More like put those republicans in a timeout.From MyNorthwest.com: It’s typical for candidates to fight over policy, their records – their personal lives certainly aren’t off limits. But this year the race for the nomination devolved all the way to name calling. You may recall Donald Trump’s “little Marco” and “lyin’ Ted” comments in press conferences and debates.
“Maybe talk about the elections without watching what’s happening in real time,” Finkbeiner said. “Because, too often, it’s inappropriate behavior, inappropriate language. Unbelievable that it’s happening and that we have to say that, but it is, indeed, happening.”
One example: former GOP hopeful Marco Rubio’s comments about Donald Trump at a rally in February. “He’s always calling me ‘little Marco.’ And I’ll admit, he’s taller than me, he’s 6’2″, which is why I don’t understand why his hands are the size of someone who’s 5’2”,” Rubio said. “Have you seen his hands? And you know what they say about men with small hands.” After that, MomsRising was flooded with calls and emails with parents struggling to explain those comments to their children.
“This is why it’s important not to stand back and sort of hide from the bullying language, but instead – as adults – to stand up and say this is not OK,” Finkbeiner said. “This is not OK for Washington, this is not OK for our nation, and this most certainly is not OK to have a presidential candidate, much less a president, who is running on a potty mouth.”
It’s important to note that Finkbeiner is a Democrat (married to a former Republican state lawmaker). Her organization, MomsRising, lobbies for a variety of family issues like paid maternity leave, sick and safe time, and equal pay.
And she has strong opinions. “If I was Donald Trump’s mom, I would put him in a time out,” Finkbeiner said. “He needs to take ten deep breaths and he needs to think about what he’s saying and who he’s saying it to and how it’s impacting other people. So it would a time out for the one and only Donald Trump if he were my child.”
But Finkbeiner says the adult trash talk this year transcends party lines. Even people within the same party who support different candidates are going after each other in ways she hasn’t seen in a lifetime of political work.
And youngsters are picking up on the tension. They might not understand exactly what’s going on, but they are hearing all the yelling. And the name calling. And children start to think that behavior is OK.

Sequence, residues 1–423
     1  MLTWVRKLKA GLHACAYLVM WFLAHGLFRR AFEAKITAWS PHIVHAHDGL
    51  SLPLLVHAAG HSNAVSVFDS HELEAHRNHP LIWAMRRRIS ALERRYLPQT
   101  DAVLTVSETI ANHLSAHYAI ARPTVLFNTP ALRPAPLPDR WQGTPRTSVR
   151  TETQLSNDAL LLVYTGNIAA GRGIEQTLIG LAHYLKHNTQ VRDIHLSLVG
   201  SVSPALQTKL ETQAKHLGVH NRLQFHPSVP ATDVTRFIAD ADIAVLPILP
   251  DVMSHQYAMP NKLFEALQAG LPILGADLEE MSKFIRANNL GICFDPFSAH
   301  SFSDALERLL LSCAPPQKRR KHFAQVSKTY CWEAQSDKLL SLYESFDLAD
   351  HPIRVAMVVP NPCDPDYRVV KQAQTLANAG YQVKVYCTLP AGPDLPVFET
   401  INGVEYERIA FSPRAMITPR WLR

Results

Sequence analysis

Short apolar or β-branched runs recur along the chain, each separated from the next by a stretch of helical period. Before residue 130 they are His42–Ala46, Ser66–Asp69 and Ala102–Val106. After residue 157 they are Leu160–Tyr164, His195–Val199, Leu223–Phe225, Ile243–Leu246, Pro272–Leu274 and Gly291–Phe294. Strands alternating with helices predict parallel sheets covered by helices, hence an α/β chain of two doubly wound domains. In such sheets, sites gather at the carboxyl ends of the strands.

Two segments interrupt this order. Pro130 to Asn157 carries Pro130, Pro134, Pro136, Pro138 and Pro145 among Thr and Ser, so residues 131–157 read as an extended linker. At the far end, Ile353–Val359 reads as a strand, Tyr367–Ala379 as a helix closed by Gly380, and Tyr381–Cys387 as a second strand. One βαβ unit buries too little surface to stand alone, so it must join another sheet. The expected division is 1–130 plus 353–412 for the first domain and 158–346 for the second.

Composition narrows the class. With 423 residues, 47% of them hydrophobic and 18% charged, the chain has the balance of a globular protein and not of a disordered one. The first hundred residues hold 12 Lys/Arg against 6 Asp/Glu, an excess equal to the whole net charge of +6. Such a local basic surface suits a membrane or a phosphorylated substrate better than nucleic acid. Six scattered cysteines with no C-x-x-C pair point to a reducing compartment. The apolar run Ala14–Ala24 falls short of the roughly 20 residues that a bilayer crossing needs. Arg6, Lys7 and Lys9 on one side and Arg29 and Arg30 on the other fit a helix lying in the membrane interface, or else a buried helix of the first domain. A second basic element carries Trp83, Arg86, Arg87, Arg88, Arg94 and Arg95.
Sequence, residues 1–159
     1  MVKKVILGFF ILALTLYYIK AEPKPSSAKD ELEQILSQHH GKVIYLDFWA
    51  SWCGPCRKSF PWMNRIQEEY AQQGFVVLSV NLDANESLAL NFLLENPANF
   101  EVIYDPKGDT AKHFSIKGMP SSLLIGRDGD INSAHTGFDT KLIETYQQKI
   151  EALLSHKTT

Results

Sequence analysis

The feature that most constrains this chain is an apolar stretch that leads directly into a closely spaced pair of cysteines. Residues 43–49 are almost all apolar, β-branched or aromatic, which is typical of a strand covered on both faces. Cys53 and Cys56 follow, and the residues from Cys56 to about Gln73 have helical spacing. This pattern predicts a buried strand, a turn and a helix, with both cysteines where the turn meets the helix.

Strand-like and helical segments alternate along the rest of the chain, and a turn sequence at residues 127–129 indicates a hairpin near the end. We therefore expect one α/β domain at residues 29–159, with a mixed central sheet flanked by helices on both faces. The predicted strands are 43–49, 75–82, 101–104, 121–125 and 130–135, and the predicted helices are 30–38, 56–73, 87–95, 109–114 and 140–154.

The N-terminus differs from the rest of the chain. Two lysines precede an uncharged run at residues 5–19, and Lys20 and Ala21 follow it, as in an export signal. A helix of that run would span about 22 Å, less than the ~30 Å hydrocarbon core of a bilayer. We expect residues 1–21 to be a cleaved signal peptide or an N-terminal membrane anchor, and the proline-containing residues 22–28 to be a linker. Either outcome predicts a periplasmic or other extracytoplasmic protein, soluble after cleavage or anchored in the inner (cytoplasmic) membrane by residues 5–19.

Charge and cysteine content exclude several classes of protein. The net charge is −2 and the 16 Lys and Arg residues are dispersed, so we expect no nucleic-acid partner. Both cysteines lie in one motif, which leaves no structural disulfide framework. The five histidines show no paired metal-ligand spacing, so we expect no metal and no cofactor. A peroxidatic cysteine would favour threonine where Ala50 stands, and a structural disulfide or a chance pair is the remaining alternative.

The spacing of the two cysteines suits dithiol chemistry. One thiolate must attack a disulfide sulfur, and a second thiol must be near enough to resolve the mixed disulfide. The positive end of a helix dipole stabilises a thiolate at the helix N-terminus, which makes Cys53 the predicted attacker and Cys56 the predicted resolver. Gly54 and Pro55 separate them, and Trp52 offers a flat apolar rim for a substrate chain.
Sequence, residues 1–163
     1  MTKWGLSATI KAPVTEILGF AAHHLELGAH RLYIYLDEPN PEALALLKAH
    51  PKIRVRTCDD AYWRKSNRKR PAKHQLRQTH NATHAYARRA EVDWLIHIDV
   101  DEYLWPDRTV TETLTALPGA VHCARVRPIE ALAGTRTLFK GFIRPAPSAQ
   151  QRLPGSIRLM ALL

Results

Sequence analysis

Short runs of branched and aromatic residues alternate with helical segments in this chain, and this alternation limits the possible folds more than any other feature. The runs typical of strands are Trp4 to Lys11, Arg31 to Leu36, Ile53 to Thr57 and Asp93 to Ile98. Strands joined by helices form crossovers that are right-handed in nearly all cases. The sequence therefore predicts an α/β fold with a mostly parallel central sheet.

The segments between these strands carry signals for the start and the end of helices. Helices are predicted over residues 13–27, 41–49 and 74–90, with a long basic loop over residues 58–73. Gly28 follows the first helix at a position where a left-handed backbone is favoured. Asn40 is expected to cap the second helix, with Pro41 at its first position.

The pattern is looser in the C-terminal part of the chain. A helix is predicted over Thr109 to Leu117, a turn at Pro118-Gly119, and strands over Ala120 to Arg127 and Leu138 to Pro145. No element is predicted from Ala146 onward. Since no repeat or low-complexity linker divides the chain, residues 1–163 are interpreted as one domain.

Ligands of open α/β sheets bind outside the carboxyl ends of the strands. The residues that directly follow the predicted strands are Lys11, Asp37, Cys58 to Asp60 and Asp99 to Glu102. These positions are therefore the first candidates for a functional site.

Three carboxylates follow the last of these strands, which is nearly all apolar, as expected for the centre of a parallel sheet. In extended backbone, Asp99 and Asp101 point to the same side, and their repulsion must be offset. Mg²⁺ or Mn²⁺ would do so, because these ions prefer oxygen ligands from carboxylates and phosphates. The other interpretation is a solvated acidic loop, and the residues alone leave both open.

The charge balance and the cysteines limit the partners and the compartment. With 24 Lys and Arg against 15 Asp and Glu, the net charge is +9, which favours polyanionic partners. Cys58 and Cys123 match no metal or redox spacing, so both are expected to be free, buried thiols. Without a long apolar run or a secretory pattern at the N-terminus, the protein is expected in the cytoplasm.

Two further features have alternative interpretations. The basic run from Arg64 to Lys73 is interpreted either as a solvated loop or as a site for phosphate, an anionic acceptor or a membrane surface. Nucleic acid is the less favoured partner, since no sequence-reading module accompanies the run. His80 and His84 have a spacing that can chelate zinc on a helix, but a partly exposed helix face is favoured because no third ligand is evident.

A survey of more than 2,000 teachers by the Southern Poverty Law Center showed a surge in bullying related to some of the topics in the election, such as race or political affiliation. Some local schools have reported the same issues, going so far as sending letters home asking parents to talk with their children about appropriate behavior.
So Finkbeiner has some strategies for parents to talk politics with children of all ages:
- Have an open discussion with your child about what the candidates are talking about: their policies, backgrounds, etc.
- Explain that people are really passionate about their opinions and are having a hard time talking about them without getting upset.
- Be a good example. When we as adults hear someone say something we really disagree with, even if it sounds outlandish, it’s important to lead by example and approach that other person with respect.
Finkbeiner even has a handy list of phrases she uses in those situations – after taking some deep breaths:
“Calmly say – not angrily say – ‘really? That is not my experience.’ ‘What’s going on here?’” Finkbeiner suggests. “Or, ‘that’s not necessary.’ Or, ‘why are you doing this?’ Or even: ‘where are you coming from with that perspective?’” And if the other person is agitated, don’t react in the same way.
This election is also different from past years in that children and adults alike can’t escape the heat at home because election talk now lives 24 hours a day online.
Finkbeiner has suggestions for how to deal with that too: only write online what you’d say to someone’s face, and have “the talk” with your children about trolls – when it’s appropriate to engage or let it go.
“Maintaining that calm, sharing your perspective, possibly including some facts and some links, but not resorting to name calling,” Finkbeiner said. “I think it’s very important that we rise above just flat out name calling and try to move our conversation – on whatever platform – to a deeper level about the policies we’re talking about, and not calling names.”In 2006, Finkbeiner co-authored a book, The Motherhood Manifesto, with MomsRising co-founder and board President Joan Blades. Blades co-founded MoveOn.org which George Soros supports.
Here’s some of Kristin’s tweets, which include no bullying language whatsoever…
- Conservatives lament how families have changed. But we shouldn’t listen 2 them. Learn: https://youtu.be/iXgeBFfcdZ4 via @familystoryproj
- #YoureFired! – The Perfect #MothersDay Gift: A “Time Out” for Trump http://www.huffingtonpost.com/kristin-rowefinkbeiner/the-perfect-mothers-day-g_b_9863172.html … via @HuffPostPol
- Which #Prez cands r clueless & which have a clue?Find out using a #free @MomsRising CLUE card during #CNBCGOPdebate: http://moms.ly/1KhavpB
- Was that the sound of #GOPdebate throwing civil liberties out the window?
- #GOPdebate #FAIL – Nothing on #FairPay #Childcare #FamilyLeave #PaidSick The verdict on @MomsRising Candidate Clue Card? Mass cluelessness!
- She re-tweeted this one: “This is such an unruly bunch. They don’t even want to respect the moderators. #GOPDebate #CNBCGOPDebate”
- And she re-tweeted this gem: “No, I didn’t predict that the Republican Party would lose its fucking mind.”
Doesn’t sound like very appropriate language to me.